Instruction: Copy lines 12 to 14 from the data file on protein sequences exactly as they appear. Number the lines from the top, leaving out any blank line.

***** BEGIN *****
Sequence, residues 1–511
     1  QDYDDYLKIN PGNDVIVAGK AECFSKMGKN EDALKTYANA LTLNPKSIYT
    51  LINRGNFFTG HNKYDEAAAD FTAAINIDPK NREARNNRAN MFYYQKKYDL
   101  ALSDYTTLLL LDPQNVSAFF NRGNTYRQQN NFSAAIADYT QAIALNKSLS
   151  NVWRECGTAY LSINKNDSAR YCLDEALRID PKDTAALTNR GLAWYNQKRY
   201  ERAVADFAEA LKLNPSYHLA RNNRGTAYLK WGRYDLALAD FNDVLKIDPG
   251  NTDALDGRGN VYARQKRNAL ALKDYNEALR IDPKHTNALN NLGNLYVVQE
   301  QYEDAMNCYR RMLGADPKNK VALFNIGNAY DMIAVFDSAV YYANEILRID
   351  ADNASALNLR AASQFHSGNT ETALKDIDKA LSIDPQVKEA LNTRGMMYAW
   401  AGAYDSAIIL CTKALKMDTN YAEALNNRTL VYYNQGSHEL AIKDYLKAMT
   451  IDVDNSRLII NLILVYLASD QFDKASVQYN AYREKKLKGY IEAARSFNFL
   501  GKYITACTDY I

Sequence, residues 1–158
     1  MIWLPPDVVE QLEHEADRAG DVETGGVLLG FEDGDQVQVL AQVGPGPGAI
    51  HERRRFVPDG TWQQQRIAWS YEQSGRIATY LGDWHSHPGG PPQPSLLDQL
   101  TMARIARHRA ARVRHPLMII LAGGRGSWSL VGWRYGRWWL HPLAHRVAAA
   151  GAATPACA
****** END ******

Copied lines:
   501  GKYITACTDY I

Sequence, residues 1–158
     1  MIWLPPDVVE QLEHEADRAG DVETGGVLLG FEDGDQVQVL AQVGPGPGAI